To Own or Owe?

A Message from Kimberly Clouse, Financial Expert:

kim_clouse I have worked in the financial services industry for nearly a decade in many capacities, most recently as a financial adviser for individuals. Over the course of my career, I have had the privilege of working with a diverse range of people, from the single mother just starting her own business to the billionaire. Based upon my experiences, I have learned that the same basic principles and lessons apply to a successful and healthy financial life, whether you’re starting out or cashing out. These guiding principles include simplicity, a long-term perspective, and above all, knowing that you have control of your financial destiny, and all the information you need is well within your reach.


To Own or Owe?

That Is the Question

You found the perfect house in your favorite neighborhood, worked with a great mortgage broker who came recommended by a friend, and just signed the mortgage documents. Congratulations! You have now entered into one of the biggest financial commitments of your life.

Mortgages certainly enable us to live the American dream, but they cost us dearly. Over 30 years, you will pay more than $400,000 in interest on a $250,000 mortgage at an 8% fixed interest rate. $400,000! You could reduce this eye-popping amount by prepaying your mortgage, but what is the value of prepaying? What would be the impact, for example, of paying an extra $200 each month from the beginning of the mortgage term? As shown in the following table, if you pay $2,000 rather than the required $1,800, then you shave 8 years off your time to home ownership. You also reduce your total interest cost significantly, to $275,000, or $125,000 less than without the extra payments!


An Example: The Value of Mortgage Payments

At 8% Fixed Rate of Interest

Without Extra Payments

With Extra Payments of $200

Monthly Payment



Months From Inception to Payoff



Total Interest Paid



On the surface, this strategy sounds like a no-brainer, but as with all matters financial, you should evaluate the trade-offs.

These trade-offs hinge around the opportunity cost of the extra $200 per month; that is, if you did not apply those monies to your mortgage, would you be able to earn a higher rate of return elsewhere (for instance, by investing in the stock market)? When you apply an extra $1 to your mortgage, you effectively guarantee yourself a rate of return on that $1 equal to your mortgage rate, with little or no risk. It is this rate of return that you should compare against other investment alternatives. (To make an apples-to-apples comparison, be sure to evaluate your alternatives on an after-tax basis.) To calculate the rate of return on your mortgage, adjust your mortgage rate–which is a pre-tax figure–to reflect the (federal) tax destructibility of mortgage interest:

Multiply your mortgage rate times 1 minus your marginal tax rate1 to get your after-tax equivalent rate.2

(Note: this analysis does not reflect the impact of standard and itemized deductions; for information on your particular tax situation, consult your accountant.)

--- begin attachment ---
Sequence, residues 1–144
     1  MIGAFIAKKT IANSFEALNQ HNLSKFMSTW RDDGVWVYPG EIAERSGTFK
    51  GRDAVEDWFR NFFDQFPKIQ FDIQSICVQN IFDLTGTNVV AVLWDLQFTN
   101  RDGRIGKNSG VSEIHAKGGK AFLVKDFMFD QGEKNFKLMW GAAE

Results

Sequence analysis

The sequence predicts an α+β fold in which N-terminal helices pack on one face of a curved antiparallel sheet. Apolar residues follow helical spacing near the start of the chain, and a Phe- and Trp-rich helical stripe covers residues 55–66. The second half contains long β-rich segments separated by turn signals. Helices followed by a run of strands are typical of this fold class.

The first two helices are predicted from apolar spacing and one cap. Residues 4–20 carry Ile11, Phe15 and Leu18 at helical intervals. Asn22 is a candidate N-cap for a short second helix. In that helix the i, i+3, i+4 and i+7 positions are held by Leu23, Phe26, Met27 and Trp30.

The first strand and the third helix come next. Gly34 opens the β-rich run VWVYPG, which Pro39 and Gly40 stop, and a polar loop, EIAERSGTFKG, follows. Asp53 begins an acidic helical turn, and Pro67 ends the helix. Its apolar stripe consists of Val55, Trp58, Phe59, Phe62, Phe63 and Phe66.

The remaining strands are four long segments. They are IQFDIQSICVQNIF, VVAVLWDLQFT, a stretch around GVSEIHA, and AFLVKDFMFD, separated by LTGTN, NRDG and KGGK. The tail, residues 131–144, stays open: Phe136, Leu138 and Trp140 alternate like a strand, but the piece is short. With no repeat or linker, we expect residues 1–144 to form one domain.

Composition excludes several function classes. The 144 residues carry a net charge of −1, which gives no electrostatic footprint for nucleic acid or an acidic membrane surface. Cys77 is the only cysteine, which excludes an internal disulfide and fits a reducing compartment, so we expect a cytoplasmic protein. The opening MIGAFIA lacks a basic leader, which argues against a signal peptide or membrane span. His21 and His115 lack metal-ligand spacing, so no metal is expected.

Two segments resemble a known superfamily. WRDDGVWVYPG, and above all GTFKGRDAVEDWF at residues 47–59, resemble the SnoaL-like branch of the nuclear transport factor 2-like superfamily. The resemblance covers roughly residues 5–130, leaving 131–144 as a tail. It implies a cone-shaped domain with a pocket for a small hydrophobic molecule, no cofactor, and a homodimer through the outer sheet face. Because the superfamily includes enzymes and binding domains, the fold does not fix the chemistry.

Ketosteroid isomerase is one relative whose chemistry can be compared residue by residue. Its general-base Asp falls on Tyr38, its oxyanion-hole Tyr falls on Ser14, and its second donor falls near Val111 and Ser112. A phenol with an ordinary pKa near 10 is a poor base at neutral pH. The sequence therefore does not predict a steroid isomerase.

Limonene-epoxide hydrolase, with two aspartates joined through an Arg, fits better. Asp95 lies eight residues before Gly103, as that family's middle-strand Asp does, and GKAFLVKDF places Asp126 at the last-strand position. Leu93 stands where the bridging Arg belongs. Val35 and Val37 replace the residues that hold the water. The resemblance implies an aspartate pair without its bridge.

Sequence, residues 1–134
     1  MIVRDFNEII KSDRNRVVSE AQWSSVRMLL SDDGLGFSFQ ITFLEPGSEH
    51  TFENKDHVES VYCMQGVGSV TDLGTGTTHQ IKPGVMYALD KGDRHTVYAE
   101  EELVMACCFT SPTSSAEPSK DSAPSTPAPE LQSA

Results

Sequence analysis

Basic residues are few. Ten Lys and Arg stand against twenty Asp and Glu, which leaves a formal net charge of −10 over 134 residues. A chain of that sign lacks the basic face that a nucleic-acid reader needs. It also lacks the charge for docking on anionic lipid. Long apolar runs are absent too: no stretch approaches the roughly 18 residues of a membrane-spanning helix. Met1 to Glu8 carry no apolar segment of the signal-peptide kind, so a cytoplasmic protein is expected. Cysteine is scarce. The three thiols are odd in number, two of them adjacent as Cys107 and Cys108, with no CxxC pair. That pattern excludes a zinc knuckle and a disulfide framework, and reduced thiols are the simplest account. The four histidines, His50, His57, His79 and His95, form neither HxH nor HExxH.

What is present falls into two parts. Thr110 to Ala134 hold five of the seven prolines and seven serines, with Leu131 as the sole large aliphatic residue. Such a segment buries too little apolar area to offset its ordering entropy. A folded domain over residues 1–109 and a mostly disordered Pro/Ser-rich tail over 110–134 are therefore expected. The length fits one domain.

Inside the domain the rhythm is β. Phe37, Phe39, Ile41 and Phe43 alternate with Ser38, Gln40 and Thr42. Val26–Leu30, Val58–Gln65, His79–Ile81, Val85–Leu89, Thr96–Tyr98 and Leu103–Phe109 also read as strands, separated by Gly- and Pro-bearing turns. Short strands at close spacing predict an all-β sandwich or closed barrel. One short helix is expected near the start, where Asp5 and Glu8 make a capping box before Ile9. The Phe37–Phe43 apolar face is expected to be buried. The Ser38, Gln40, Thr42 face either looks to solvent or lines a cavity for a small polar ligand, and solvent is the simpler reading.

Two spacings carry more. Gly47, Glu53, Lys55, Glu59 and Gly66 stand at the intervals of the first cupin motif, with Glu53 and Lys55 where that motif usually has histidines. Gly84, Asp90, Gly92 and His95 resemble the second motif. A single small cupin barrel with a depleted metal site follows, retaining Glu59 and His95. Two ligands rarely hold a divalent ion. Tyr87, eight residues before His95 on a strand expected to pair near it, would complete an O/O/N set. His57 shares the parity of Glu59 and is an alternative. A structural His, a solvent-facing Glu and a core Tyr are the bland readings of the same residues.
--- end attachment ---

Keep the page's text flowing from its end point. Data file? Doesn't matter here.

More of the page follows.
Now compare that rate with those on your investments. If your asset allocation is heavily weighted toward equities, for example, then paying off your mortgage might not be the better choice. If you have been achieving 20% rates of return, then your after-tax figure, assuming you hold stocks for more than one year, would be approximately 16%. So it seems as though you should invest additional funds, rather than prepay your mortgage. The problem is that you have ignored the volatility inherent in investing, and the volatility of equities in particular. Indeed, equity markets have posted healthy double-digit gains the past few years, but do not forget that the market–as measured by the performance of the Dow Jones Industrial Average–has earned an average of just over 10% per annum over the past 30 years and dropped 28% in 1974 alone. It is this market uncertainty that leads many financial advisors to recommend that you allocate at least a portion of any extra monies to paying down your mortgage.

The above methodology reflects conventional textbook wisdom. But what about the answer that reflects the emotional toll of debt? That, of course, is very personal. Some people view debt as a tool that they can use to achieve financial goals. Others view debt as an oppressive burden that keeps them awake at night. If paying off your mortgage would bring you peace of mind and happiness–and your lender does not impose prepayment penalties3–then by all means go ahead. Just don’t use tax-advantaged monies from a retirement account, such as an IRA or pension plan, to do so.

This column is designed to provide accurate and authoritative information on the subject of personal finances. It is provided with the understanding that the Author is not engaged in rendering legal, accounting, or other professional services by publishing this column. As each individual situation is unique, questions relevant to personal finances and specific to the individual should be addressed to an appropriate professional to ensure that the situation has been evaluated carefully and appropriately. The Author specifically disclaims any liability, loss or risk which is incurred as a consequence, directly or indirectly, of the use and application of any of the contents of this work.